Buckling of prismatic shells and panels
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Figure 191 gives several examples of prismatic shells and panels. These are structures the cross sections of which are thin and do not vary in one of the coordinate directions, generally called the axial direction. In this chapter a method will be described in which a computer program for the analysis of shells of revolution can be used to predict buckling of prismatic shells and panels. Results will be given of convergence studies applied to cylindrical shells subjected to external lateral pressure. These studies demonstrate the validity of the technique. The method will then be applied to yield predictions of bifurcation buckling loads of noncircular cylindrical shells under axial compression or external pressure and failure of corrugated and beaded panels under axial compression. The effect of manufacturing processes on buckling and crippling of corrugated semi-sandwich panels of the type from which the rocket payload shroud shown in Fig. 5 is made will be shown.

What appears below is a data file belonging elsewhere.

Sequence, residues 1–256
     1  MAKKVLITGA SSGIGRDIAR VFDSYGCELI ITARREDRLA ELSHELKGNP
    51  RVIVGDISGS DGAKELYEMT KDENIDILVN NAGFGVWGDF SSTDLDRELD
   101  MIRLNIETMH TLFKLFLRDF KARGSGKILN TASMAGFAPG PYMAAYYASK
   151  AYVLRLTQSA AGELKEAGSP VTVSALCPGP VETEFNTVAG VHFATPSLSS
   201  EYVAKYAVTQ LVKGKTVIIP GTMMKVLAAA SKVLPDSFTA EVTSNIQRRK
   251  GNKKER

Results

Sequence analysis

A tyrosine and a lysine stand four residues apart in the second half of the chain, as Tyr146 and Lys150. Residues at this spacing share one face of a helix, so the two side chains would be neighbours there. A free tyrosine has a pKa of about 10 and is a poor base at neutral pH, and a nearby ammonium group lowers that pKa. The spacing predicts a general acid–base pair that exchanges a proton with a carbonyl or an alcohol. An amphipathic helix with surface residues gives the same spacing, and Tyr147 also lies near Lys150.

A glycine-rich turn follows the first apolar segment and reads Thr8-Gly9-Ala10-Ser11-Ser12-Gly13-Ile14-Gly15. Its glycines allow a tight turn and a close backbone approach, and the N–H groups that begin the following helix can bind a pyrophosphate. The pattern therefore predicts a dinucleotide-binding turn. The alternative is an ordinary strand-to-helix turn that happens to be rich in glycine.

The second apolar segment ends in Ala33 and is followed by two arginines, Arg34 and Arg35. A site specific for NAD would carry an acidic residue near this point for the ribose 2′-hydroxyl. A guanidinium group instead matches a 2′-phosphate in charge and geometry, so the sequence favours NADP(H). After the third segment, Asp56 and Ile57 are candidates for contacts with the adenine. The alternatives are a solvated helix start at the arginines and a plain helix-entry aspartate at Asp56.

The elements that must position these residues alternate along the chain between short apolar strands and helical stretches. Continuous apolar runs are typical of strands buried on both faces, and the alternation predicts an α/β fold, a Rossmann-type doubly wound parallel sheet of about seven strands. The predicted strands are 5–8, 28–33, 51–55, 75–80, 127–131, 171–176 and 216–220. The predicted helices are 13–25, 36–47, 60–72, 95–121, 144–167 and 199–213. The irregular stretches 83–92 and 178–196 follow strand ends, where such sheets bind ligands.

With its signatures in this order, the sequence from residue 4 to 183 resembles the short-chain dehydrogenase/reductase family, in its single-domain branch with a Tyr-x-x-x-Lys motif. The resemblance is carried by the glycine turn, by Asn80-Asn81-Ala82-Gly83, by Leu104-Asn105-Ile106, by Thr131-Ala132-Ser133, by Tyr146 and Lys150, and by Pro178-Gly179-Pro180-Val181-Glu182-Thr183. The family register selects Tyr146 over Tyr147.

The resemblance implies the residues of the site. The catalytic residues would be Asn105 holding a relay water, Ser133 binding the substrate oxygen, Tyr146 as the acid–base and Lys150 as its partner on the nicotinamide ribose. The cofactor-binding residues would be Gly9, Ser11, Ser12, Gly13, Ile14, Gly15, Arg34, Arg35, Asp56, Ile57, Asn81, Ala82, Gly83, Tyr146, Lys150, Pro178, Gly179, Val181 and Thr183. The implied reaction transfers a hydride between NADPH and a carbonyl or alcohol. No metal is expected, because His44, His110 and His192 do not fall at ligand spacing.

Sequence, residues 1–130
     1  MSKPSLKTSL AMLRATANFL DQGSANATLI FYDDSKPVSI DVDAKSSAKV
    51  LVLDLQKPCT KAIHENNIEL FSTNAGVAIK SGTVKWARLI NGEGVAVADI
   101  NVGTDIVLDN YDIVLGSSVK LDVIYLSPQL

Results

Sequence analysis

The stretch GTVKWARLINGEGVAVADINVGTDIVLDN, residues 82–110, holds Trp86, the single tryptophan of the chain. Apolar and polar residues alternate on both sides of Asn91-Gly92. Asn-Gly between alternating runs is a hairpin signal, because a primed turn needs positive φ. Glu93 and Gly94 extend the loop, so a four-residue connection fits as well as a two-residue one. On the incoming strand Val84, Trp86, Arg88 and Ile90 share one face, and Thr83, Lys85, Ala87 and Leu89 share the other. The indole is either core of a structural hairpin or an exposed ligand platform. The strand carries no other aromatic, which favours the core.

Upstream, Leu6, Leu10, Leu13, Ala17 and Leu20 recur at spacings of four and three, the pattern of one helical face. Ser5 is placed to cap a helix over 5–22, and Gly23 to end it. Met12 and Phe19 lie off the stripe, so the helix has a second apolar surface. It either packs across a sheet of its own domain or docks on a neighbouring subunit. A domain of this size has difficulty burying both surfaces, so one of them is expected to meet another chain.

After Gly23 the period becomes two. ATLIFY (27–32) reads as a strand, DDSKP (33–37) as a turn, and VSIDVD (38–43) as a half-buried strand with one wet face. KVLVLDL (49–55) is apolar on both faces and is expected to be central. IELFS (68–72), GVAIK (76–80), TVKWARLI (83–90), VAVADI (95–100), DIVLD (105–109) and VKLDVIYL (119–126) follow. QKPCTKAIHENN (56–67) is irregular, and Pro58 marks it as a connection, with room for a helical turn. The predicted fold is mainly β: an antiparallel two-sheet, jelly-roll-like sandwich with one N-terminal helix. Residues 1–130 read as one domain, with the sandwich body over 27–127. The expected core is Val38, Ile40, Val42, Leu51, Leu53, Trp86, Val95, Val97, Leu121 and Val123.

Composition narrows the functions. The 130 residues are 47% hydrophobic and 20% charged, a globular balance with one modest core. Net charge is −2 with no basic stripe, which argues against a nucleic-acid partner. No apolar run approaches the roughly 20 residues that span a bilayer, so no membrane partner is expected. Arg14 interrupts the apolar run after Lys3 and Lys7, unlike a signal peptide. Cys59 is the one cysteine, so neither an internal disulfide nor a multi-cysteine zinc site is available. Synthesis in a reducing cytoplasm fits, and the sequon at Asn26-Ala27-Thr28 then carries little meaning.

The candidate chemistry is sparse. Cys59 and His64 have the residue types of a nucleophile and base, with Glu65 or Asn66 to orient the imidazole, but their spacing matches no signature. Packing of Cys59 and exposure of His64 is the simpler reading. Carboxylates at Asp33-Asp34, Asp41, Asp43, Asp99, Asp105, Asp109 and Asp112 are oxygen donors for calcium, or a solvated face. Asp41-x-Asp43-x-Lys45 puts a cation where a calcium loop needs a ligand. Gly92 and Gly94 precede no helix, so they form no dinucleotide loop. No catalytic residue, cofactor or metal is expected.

A discussion of modal interaction in axially compressed columns and panels will follow. One form of this phenomenon has already been illustrated in the case of bifurcation buckling of ring-stiffened cylindrical shells subjected to uniform external hydrostatic pressure (Figs. 181 – 185). It will be shown that buckling loads for optimally designed structures, that is structures configured such that local and general instability occur at the same or almost the same load, are sensitive to initial geometrical imperfections.
The chapter closes with brief discussions of the effect of transverse shear deformations on buckling of panels made of laminated composite material.
KeywordsLocal Buckling Elliptic Cylinder Initial Imperfection Transverse Shear Deformation General Instability
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